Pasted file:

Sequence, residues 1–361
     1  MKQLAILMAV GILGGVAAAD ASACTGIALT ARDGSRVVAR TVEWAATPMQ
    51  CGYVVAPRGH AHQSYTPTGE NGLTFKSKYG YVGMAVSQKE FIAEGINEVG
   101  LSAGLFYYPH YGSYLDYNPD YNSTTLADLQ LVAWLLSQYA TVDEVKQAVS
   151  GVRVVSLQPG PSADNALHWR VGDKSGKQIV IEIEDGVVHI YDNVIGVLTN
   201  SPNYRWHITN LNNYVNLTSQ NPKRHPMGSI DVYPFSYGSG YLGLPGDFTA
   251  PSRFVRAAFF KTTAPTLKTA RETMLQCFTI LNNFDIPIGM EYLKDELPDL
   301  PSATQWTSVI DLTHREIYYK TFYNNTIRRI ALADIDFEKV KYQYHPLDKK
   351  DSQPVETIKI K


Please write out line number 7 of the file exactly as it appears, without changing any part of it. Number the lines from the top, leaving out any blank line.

   251  PSRFVRAAFF KTTAPTLKTA RETMLQCFTI LNNFDIPIGM EYLKDELPDL